A Natural History of Fairies
This delightful book sneaks in biology lessons via the fantastical fairy world
Come to Bringing Books to Life – Children’s Garden Festival June 11-20 to see fairies of your own
By Kaitlin Bacon, Children’s Garden Manager
Perhaps few creatures inspire the imagination of a child quite like fairies. They exist both within our world, as well as without, both magical and inherently natural.
A Natural History of Fairies, by Emily Hawkins, presents these creatures through the ledgers of Professor Elsie Arbour, a scientist who has expanded upon her study of the natural world to that of the fairies. She leaves her findings in the care of her niece via pictures, diagrams, notes, and charts. The whimsy of the fairy is woven into actual scientific grounding, and the book presents real-world biology through the lens of the secretive existence of these tiny creatures.
The book reads as if you are being taught about a real-life creature, and a note from the publisher cleverly expresses the “unverified” authenticity of these logs, encouraging children to read and then go out to come to their own conclusions on the reality of the existence of these fairies. And who is to say what else you might notice while looking for them?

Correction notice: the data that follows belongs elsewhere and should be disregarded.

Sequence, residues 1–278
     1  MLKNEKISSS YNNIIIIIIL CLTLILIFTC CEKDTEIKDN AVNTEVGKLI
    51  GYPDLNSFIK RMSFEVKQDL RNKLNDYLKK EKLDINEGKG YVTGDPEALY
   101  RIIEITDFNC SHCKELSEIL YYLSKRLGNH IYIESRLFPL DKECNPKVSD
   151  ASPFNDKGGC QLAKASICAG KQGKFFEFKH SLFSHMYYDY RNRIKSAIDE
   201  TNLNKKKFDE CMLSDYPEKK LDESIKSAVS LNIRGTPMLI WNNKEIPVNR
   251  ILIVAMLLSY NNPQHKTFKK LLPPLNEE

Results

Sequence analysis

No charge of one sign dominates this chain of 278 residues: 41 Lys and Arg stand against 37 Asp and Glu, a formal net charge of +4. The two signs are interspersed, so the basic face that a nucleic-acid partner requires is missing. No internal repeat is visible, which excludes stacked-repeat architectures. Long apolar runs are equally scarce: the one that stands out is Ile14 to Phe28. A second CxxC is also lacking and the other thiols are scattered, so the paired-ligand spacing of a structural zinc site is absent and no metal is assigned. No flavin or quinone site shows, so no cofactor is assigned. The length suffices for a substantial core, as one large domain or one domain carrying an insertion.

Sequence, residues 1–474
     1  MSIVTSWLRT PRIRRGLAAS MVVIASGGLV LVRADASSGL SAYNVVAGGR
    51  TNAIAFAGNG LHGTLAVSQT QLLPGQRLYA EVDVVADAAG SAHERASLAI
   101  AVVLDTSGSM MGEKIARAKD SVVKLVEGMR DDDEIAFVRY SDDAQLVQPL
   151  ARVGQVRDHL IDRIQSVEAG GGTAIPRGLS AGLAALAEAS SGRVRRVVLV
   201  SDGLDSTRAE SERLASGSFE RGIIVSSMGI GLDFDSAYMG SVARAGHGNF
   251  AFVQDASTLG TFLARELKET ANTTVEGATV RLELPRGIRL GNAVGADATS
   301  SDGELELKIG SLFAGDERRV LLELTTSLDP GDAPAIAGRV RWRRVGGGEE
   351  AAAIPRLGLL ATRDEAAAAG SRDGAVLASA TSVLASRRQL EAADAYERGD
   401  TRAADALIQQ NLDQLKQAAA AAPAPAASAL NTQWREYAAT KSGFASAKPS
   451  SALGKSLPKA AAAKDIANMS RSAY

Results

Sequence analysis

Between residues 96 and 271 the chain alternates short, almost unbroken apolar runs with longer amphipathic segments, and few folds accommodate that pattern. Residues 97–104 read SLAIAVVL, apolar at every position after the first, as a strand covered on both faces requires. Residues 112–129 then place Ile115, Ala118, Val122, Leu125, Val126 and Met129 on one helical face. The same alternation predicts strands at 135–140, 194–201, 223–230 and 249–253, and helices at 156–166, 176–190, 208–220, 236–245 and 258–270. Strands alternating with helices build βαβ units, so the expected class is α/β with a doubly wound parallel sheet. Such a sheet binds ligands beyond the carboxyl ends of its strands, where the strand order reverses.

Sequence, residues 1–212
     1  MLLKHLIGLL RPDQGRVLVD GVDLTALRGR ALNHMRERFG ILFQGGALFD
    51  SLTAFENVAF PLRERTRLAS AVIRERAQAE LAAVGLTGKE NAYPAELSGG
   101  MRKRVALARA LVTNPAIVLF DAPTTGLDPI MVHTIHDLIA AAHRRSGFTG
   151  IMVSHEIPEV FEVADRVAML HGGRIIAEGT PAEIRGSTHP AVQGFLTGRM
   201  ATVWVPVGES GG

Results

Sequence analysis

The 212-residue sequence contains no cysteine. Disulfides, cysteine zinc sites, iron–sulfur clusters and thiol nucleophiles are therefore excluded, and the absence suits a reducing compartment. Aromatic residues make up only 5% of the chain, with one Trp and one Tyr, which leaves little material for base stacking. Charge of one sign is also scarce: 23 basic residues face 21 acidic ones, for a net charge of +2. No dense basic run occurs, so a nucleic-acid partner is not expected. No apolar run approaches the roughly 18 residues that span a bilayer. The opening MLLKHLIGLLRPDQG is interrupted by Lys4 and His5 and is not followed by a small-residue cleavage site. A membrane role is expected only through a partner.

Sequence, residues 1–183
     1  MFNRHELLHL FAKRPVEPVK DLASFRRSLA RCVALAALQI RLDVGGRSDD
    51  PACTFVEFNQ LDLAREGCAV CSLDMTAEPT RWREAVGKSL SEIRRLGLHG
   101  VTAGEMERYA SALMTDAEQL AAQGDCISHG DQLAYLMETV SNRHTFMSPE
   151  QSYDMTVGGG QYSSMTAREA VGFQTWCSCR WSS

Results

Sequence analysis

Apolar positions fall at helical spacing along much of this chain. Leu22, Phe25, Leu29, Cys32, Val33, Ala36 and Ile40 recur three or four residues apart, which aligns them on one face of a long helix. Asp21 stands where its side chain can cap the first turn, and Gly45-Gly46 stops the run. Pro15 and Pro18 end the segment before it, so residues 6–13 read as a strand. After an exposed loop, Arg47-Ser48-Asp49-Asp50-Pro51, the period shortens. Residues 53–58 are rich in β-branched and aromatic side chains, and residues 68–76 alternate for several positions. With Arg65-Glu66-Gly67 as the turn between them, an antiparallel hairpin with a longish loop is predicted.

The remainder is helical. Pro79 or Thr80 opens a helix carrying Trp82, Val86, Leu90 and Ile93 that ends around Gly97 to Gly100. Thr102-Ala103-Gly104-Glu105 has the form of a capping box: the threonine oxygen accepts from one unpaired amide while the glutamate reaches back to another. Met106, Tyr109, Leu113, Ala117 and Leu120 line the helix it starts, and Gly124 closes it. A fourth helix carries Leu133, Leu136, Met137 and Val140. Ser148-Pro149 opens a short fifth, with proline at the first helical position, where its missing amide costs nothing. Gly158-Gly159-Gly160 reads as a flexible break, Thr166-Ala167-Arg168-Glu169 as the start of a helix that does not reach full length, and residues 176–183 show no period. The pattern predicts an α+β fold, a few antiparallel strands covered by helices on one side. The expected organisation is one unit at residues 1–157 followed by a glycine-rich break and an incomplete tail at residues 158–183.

You are immediately introduced to the fairies via the classic Linnaean system of classification, from Kingdom Animalia down to species ranging from house to tundra fairies. It’s a complex system that is explained simply with easy-to-read graphics and real-world comparisons. There’s a child-friendly anatomical exploration of the fairy, the life cycle, survival mechanisms, and so much more.
The way Hawkins works through this book balances large-scale concepts in an easily digestible form with more specific facts that are designed to draw the attention of a child out into the world. For instance, a fairy’s bones are lightweight and have air pockets, much like a bird’s. A cricket’s chirp might be a male meadow fairy, whose comb-like barbs on the wings are illustrated for children to see. Fairies pollinate plants, while different fairies pollinate different things in different ways.
Habitats are introduced through the unique species of fairies and what they demonstrate to survive in each. Mutualism, predators, and seasonal survival tactics are explained. Much like butterflies, different fairies have different wings. Even plant biology is explored with how seeds scatter, flower anatomy, and there is a handy illustrated leaf identification chart. And, did you know that fairy dust might just be different types of pollen combined with iridescent scales from the fairy’s wings? It reflects moonlight and is used as a slug repellent in the gardens.
During the Tiny Gardens and Enchanted Woods festival in the Children’s Garden, perhaps you’ll catch a glimpse of one of our special little friends there. We’ll pass on the knowledge we have, and with any luck, the fairies will help turn our eyes and our imaginations to the world around us.